Popular Economics Weekly
Goldman Sachs economist David Mericle in his research report, “Housing: The Recovery Resumes” says that overall, the message from the broad housing data flow is that the housing market is still at the beginning of a new growth cycle. Real residential investment grew at an 8.8 percent rate in Q2 and is tracking at nearly 15 percent in Q3.
“We continue to see substantial upside for the housing sector in the long run,” said Mericle. “This view is driven by the large gap between the current annual run rate of housing starts, which have averaged about 1 million over the last three months, and our housing analysts' projection of a long-run equilibrium demand for new homes of about 1.5-1.6 million per year, estimated as the sum of trend household formation and demolition of existing homes.”
Trend household formation has been down since 2008. Given the current size of the adult population as well as current headship rates by age or race/ethnicity, the Harvard Joint Center for Housing Studies estimates that demographic trends alone will push household growth in 2015-25 somewhere between 11.6 million and 13.2 million, depending on foreign immigration. This pace of growth is in line with annual averages in the 1980s, 1990s, and 2000s, and should therefore support similar levels of housing construction as in those decades.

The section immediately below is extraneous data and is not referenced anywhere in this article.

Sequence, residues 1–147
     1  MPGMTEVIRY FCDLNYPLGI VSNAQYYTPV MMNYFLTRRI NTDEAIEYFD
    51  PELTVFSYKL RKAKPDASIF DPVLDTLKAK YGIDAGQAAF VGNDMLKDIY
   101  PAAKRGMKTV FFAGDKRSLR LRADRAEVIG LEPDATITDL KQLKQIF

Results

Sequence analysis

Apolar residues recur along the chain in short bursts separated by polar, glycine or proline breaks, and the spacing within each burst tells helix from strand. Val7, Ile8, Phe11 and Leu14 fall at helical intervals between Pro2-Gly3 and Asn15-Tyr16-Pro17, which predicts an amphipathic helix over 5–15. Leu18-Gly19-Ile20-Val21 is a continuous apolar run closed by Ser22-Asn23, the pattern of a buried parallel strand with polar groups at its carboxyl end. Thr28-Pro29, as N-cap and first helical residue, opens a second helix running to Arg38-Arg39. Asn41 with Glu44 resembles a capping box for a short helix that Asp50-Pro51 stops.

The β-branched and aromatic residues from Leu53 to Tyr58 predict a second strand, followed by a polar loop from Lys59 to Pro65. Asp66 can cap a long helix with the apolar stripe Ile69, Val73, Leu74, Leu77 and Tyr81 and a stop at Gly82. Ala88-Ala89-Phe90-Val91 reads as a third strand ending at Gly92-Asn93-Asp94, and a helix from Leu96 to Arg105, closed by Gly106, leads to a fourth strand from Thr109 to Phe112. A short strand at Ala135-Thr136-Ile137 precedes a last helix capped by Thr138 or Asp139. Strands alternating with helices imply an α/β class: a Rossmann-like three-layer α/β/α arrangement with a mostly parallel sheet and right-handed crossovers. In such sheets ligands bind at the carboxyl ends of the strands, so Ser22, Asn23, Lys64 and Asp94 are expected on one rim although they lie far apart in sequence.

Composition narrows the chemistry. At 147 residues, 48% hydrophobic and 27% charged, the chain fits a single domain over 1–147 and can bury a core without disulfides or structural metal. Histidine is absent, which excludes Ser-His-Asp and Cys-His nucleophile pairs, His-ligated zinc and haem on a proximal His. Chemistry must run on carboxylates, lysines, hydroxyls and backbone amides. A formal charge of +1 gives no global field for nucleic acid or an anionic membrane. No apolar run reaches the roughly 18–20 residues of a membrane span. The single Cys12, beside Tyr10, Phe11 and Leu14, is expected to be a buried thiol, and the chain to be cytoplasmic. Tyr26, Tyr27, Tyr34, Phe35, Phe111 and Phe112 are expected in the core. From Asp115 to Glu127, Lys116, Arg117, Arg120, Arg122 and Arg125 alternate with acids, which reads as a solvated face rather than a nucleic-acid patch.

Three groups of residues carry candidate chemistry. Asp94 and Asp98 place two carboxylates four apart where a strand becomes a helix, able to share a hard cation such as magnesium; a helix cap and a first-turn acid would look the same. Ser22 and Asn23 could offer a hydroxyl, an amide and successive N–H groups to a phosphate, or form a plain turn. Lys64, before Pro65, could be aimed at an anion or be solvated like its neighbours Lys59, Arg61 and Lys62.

Part of the reason for Goldman’s optimism is the millennial generation of echo boomers, children of baby boomers, are beginning to leave home in larger numbers after being held back by the severity of the Great Recession and busted housing bubble. And they are the largest generation born from 1980 to 1996, outnumbering even their baby boomer parents.
More good news is the jobs picture is getting better. Tuesday’s JOLTS report (Job Openings and Labor Turnover Survey) said Jobs Openings rose to 4.8 million in August, up 23 percent year-over-year. The following Calculated Risk graph shows job openings (yellow line), hires (dark blue), Layoff, Discharges and other (red column), and Quits (light blue column) from the JOLTS report.
The number of job openings (yellow) are up 23 percent year-over-year compared to August 2013 and the highest since January 2001. Quits are up 5 percent year-over-year. These are voluntary separations. (see light blue columns at bottom of graph for trend for "quits"), and mean more workers are leaving for better jobs, which means they see better job prospects.
It is a good sign that job openings are over 4 million for the seventh consecutive month - and the highest since January 2001 - and that quits are increasing year-over-year, says Calculated Risk.
So these are good omens for a better housing market. The main problem seems to be supply, and the need for new-home starts that surpass the current 1 million average, thereby boosting new-home sales. But that will depend in large part on those millennials continuing to leave home.
Harlan Green © 2014
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